The basic components of life are cells. Intricate bags of soggy chemicals wrapped in a fragile skin. All the chemistry of life in such a tiny and seemingly simple thing. The human body contains trillions of cells and, thanks to Sats week, they are all in overdrive for thousands of 10- and 11-year-olds across the country.
Billions of nerve cells are doing battle across fledgling brains as they try to coordinate thought, emotion, behaviour, movement and sensation – whilst circling determiners, ticking boxes, remembering the school's DfE number and spelling their name correctly. The symphony of life in full swing.
The Sats are here and it's therefore "that" time of the year for the obligatory headteacher rant about the wrongs of Sats week. Too often, when school leaders are listing the reasons why Sats damage children’s education, their only fear is the damage it will do to their future job prospects. They look back to last year’s performance management and ask: “Why did I agree to those targets?”
My favourite writer, Steven Pinker, wrote: "It is wrong to essentialize an entire society as if it were a single mind." Nothing could be truer than the way we worship at the Sats Altar.
Standardised scores define the child who will leave primary education ready for the trials of secondary school – where within a term they resit the Sats test because no secondary school teacher believes any results that come from their local primary school. These exams do little for the development of trust between schools.
This year, as in any year, Sats are not without their controversy. Parents are revolting and keeping their children home. A YouGov survey found that 63 per cent of parents felt Sats put too much pressure on children. Headteachers lay awake in bed on Sunday night hoping that either no one turned up or everyone turned up. Two children missing would just make the data look terrible. The Sword of Damocles hanging over those few pupils; a thin red line between success and utter failure, triggering Ofsted or, worse, a Facebook campaign to rid the school of "that incompetent head".
How important are Sats results?
Last year, I said “Enough!” and ended up ranting away on Good Morning Britain about "secret marking dossiers" and bizarre rules that seemed to want children to fail – even when they were right. I had a mass of headteachers contact me to "Stop the Sats". We felt we would be the agents of change on the issue of Sats, which ramp up accountability in ways that cause our whole primary education system to be warped and twisted. At last, we would stand by our principles and step forward to do what is right by children. So, how did that go?
We are doing Sats this week. All my children are in. I started the morning breakfast with a rousing: “You have worked so hard for this! We are so proud of you!” I meant every word. I am just another headteacher toeing the line and swallowing my principles to do what I am told to do. Teach children to pass the Sats test. At whatever cost. If they are stressed, it is my fault. If they do badly, it is my fault. If they haven’t made progress based on a different test they did in Year 2, it is my fault. When Ofsted come in and my curriculum is not broad and balanced enough, it is my fault.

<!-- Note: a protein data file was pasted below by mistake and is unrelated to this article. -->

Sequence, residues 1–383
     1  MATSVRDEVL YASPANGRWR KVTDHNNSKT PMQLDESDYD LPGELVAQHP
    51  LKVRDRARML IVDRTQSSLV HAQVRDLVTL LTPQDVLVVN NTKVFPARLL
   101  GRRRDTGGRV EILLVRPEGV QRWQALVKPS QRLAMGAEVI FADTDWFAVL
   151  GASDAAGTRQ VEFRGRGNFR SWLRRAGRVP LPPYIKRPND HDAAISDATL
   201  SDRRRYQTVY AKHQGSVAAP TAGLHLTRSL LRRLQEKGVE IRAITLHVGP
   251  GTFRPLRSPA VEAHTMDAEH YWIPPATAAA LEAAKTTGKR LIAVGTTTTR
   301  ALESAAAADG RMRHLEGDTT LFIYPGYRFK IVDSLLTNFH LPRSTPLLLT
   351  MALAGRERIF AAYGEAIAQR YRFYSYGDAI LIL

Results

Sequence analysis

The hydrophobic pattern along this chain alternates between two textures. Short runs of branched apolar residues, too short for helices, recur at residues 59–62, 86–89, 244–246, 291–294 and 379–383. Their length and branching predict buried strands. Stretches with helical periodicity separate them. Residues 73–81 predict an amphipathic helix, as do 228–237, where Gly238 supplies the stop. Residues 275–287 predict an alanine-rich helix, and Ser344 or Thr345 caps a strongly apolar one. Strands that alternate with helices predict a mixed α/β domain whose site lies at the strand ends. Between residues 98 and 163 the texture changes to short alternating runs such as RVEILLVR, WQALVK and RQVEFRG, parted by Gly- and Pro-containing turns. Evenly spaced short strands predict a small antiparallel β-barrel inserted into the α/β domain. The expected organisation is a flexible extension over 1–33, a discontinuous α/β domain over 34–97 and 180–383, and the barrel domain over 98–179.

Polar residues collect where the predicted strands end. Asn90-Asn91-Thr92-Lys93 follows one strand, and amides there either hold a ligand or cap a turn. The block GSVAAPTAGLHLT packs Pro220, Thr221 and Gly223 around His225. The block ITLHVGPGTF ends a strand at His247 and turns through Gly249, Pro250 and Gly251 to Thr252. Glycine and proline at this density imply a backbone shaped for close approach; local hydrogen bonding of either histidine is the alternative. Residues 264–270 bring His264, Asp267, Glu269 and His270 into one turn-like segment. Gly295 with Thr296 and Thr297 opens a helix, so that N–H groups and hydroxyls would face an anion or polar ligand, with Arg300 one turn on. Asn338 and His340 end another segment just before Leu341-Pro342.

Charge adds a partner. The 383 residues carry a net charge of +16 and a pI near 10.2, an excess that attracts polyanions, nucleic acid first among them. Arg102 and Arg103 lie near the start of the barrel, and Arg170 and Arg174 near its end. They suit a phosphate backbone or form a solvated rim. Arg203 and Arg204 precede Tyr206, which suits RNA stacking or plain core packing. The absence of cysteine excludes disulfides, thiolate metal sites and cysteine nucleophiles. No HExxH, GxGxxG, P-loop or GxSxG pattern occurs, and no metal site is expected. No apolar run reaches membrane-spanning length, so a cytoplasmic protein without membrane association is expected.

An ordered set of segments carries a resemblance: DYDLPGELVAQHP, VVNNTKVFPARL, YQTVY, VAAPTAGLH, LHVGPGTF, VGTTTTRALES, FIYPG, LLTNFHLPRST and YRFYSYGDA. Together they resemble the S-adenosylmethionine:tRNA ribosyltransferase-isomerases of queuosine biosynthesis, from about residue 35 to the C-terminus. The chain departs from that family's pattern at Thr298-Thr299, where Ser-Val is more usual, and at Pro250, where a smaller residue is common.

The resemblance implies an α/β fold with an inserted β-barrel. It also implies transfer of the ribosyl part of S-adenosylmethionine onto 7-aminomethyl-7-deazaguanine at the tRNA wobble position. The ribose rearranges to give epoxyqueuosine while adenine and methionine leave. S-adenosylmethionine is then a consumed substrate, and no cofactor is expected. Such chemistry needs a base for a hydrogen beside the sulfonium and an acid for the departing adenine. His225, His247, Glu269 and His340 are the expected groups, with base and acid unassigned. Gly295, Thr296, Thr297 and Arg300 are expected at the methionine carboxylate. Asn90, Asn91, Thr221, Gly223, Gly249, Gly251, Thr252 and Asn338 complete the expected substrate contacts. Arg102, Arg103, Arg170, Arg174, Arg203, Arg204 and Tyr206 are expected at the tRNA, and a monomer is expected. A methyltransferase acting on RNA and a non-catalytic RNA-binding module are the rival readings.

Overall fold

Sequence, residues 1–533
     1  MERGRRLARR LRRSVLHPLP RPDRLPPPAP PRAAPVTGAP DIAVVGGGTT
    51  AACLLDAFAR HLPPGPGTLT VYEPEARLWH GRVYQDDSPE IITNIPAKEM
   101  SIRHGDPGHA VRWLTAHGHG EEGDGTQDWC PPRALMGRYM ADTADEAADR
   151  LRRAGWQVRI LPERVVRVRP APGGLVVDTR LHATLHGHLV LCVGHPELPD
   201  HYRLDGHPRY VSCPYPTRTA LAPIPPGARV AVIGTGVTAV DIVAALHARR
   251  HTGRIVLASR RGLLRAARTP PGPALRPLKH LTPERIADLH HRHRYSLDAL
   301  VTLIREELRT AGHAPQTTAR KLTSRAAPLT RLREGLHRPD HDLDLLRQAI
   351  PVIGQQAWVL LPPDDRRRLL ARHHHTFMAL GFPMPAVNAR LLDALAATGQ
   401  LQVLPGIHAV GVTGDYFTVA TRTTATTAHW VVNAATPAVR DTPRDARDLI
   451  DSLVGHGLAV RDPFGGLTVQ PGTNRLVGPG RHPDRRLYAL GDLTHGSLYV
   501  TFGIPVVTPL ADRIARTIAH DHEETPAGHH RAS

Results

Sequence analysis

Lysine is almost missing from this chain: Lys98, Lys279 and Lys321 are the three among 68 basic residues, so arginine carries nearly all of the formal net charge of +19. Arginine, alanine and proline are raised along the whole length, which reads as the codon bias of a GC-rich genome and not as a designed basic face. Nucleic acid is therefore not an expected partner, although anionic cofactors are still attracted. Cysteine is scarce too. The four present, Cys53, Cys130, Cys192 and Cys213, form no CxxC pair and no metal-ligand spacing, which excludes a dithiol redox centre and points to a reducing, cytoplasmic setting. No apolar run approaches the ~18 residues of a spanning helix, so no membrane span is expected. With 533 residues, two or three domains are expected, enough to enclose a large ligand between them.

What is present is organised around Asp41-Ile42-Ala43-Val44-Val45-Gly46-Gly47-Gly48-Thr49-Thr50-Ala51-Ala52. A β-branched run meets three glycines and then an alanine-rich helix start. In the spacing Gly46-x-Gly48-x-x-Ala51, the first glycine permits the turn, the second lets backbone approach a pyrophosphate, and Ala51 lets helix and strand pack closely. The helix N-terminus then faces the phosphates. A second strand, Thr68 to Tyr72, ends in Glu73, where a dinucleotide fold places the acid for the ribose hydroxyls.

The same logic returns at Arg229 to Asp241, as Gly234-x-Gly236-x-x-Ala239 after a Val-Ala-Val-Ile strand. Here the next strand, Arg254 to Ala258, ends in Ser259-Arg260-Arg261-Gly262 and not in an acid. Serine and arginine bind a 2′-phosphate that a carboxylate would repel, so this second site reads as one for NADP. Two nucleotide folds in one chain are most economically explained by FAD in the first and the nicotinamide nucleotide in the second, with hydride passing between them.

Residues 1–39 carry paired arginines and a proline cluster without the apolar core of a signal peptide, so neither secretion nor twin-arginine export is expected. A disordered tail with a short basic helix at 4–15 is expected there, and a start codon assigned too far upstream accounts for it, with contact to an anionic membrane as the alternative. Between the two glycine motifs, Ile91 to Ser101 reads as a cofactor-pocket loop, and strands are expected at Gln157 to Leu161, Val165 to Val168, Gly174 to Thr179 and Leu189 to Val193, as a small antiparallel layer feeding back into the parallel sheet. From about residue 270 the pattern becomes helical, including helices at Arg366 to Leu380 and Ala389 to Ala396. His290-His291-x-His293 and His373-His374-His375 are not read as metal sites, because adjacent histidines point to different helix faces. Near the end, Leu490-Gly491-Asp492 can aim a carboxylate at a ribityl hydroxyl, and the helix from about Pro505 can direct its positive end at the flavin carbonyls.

If I am the type of leader who can’t take the blame, there is a long list I can recite from. I can blame teachers, poverty, the wind, computer games or Tes. We are so polarised when it comes to the merits of testing. The people with the most power to influence change seem to want more and more testing: testing Reception children, testing timetables knowledge.
I do not have any issue with testing: if Sats were just a test, I would happily go along with it. It is not the Sats test I have problems with. It is the Sats culture we have in this country.
It is the way we measure success or failure in our primary education system based on the results from these tests. The way we determine which schools are the best and which are the worst. Which leaders to follow and which to condemn. The way they dictate the curriculum. The way they smother the language of schools and the childhoods of children leaving our schools. The way children with SEND are marginalised and seen as not having learned anything.
It is what is not in the Sats tests that speak of a society unable to understand the complexities of life and the make-up of human beings that are every bit as complicated as the galaxies surrounding us. We are obsessed with breaking life down to a "what you cannot do at 11" list that is so narrow it ignores almost everything about what you can do at 11 and the who you will become.
I speak as someone who left primary school hardly able to read. That was the primary school's fault but it did not stop me from getting on in life. It did not stop me from doing what I wanted to do. It did not stop me because there was far more to me than the ability to pass a test.
I did not have to worry about Sats and whether I was below average, average or above average.
Our children today do.
Brian Walton is headteacher of Brookside Academy in Somerset. He tweets as @Oldprimaryhead1